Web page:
could have been brought off. All connected with the artillery fought splendidly; men could not have acted better. Lieutenant McGuire proved himself a brave and gallant officer. Twice the enemy were repulsed, but coming in overpowering numbers the third attempt proved successful; the guns were taken, with every man but one, and he did not leave his post until the gun was taken. From all information I have received I believe the enemy were at least 5,000 strong, with eight pieces of artillery (12-pounders), under command of Brigadier-General Forrest, Confederate Army.
A moment after the guns were taken I was taken prisoner, and the command devolved upon Colonel Meek, Eleventh Illinois Cavalry, Colonel Hawkins being missing. The enemy took 124 prisoners. As far as I can learn, the Eleventh Illinois lost in killed First Lieutenant Slater, Second Lieutenant Wagner, and 7 men; in wounded, 9, and in prisoners, 51. Some of the prisoners were taken in the retreat. The Fifth Ohio lost in prisoners, Adjutant Harrison and 51 men, and the Second West Tennessee about 15 taken prisoners.
The Fourteenth Indiana Battery had 2 men killed and 2 wounded and 29 prisoners, with Lieutenant McGuire. Major Kerr, Captain Sheppard, and Lieutenant Cornell, of the Eleventh, were among the prisoners.
I have the honor to remain, your obedient servant,
ROBERT G. INGERSOLL,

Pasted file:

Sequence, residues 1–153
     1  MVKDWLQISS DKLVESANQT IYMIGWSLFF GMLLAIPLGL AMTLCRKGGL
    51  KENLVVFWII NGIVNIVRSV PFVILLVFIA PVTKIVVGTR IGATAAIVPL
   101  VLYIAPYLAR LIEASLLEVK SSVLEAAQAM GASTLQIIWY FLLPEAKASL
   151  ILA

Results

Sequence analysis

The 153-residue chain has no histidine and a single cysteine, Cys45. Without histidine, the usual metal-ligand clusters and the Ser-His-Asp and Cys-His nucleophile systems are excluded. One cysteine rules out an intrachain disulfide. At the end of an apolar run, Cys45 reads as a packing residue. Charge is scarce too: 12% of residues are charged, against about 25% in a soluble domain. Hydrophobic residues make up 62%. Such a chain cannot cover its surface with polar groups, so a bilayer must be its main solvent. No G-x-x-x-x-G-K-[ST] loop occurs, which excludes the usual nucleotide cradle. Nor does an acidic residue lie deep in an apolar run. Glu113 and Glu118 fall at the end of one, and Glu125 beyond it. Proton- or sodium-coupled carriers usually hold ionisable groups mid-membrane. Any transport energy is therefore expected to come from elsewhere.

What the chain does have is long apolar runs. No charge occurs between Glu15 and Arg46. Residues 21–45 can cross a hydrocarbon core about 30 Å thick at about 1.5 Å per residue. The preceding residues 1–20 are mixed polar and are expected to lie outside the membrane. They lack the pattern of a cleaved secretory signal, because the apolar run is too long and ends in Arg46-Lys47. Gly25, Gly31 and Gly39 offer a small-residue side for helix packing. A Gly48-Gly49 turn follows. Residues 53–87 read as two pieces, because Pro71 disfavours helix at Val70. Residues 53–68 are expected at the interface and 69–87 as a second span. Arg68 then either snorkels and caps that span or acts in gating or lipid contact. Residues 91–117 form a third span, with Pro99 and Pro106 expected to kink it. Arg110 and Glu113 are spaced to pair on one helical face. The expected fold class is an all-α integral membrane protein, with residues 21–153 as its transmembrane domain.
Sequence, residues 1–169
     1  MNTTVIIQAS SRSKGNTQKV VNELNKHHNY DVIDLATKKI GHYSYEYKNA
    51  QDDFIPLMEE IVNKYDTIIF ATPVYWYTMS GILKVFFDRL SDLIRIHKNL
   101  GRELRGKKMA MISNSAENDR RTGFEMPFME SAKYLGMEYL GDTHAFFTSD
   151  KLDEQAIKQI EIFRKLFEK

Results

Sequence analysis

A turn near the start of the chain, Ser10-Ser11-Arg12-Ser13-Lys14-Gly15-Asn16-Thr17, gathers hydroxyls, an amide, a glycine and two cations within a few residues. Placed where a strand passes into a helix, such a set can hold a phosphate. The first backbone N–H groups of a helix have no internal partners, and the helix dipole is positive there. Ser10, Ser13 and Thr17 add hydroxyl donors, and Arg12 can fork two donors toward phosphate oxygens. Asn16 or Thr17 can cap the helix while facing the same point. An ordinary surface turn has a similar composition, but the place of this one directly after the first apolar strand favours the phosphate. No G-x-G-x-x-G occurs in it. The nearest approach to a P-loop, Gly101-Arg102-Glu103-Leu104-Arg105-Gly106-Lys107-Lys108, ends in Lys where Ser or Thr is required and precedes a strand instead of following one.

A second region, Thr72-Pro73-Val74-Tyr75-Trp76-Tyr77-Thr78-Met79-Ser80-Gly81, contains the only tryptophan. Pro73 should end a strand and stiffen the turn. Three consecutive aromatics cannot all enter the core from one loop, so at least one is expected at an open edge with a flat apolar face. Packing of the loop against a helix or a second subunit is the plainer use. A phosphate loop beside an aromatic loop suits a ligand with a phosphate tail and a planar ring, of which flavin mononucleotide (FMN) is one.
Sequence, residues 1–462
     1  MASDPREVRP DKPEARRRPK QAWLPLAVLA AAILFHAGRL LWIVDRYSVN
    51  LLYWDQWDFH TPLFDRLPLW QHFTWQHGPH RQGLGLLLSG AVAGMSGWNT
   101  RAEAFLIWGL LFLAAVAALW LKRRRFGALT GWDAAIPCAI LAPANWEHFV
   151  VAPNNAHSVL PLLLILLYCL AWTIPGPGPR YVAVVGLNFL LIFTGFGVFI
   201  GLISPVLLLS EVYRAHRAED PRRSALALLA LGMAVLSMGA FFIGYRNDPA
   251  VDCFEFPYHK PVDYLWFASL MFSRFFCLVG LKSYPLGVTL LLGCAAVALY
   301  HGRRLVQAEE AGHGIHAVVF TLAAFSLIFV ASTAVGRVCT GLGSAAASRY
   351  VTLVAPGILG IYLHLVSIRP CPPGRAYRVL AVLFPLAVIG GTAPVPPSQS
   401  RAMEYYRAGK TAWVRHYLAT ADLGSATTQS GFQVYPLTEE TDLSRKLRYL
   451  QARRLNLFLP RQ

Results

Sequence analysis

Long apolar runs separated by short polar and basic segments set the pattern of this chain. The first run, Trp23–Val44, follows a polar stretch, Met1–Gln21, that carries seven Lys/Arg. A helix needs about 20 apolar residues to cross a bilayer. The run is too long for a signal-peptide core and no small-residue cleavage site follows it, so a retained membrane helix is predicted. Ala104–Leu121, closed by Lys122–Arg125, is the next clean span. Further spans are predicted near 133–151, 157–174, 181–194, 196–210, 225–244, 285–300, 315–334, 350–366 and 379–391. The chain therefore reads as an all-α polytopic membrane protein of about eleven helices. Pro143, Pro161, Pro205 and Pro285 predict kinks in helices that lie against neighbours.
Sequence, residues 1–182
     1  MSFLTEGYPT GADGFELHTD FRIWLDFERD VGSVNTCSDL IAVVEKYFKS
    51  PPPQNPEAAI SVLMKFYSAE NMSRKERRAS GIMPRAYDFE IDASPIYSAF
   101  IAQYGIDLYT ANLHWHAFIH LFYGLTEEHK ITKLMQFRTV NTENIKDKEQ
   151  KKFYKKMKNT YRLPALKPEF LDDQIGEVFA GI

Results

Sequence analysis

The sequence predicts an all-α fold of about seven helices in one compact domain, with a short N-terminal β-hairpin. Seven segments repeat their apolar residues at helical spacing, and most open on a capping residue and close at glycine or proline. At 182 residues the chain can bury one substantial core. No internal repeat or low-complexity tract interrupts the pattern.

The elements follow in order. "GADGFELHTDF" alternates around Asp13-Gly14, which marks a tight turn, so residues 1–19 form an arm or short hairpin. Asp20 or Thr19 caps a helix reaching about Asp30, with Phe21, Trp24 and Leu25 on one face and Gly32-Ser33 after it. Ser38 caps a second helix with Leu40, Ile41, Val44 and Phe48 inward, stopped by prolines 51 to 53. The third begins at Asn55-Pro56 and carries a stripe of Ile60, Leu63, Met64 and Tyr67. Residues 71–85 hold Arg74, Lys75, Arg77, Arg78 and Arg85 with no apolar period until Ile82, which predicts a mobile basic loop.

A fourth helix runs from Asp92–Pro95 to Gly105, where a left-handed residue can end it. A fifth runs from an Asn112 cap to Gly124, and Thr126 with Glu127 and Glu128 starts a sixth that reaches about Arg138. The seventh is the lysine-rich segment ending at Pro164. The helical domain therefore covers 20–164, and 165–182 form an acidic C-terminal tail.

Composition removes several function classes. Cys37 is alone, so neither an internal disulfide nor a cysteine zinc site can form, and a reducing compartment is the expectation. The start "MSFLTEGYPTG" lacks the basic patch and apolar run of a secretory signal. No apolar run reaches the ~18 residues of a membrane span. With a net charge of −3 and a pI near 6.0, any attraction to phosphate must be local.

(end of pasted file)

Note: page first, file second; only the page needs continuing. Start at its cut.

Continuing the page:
Colonel Eleventh Illinois Cavalry.
Brig. Gen. JER. C. SULLIVAN,
Commanding District of Jackson.
Number 5. Report of Colonel Adolph Engelmann, Forty-third Illinois Infantry, of engagement near Jackson.
HDQRS. FORTY-THIRD REGIMENT ILLINOIS VOLUNTEERS, Bolivar, Tenn., December 29, 1862.
SIR: I beg leave to report that on December 18, at 9 p. m., under orders of General Sullivan, I proceeded with the Forty-third and Sixty-first Regiments Illinois Volunteers from Jackson out on the Lexington road, with instructions to join and take command of all the United States Cavalry that I might find, and to feel the enemy. Only 3 1\2 miles out I came upon our cavalry, consisting of parts of the Eleventh Illinois, Fifth Ohio, and one company of the Second West Tennessee Regiment. One and a half miles farther out the camp-fires of the enemy could be seen burning cheerfully, while I deemed it prudent to prohibit the kindling of any fire by my command. The night was extremely cold, and I felt mortified at my men having to suffer from its inclemencies, while the enemy were resting by large and comfortable fires. I consulted with Lieutenant-Colonel Dengler on the advisability of attacking the enemy by his camp-fires. But that officer suggested that night attacks, always hazardous, could only be attempted where the attacking parties are perfectly acquainted with the country. These suggestions being only too true, and myself and all of my officers and men being ignorant of the country, I had to abandon the project. On mature deliberation with Lieutenant-Colonel Meek, of the Eleventh Illinois; Major Ohr, of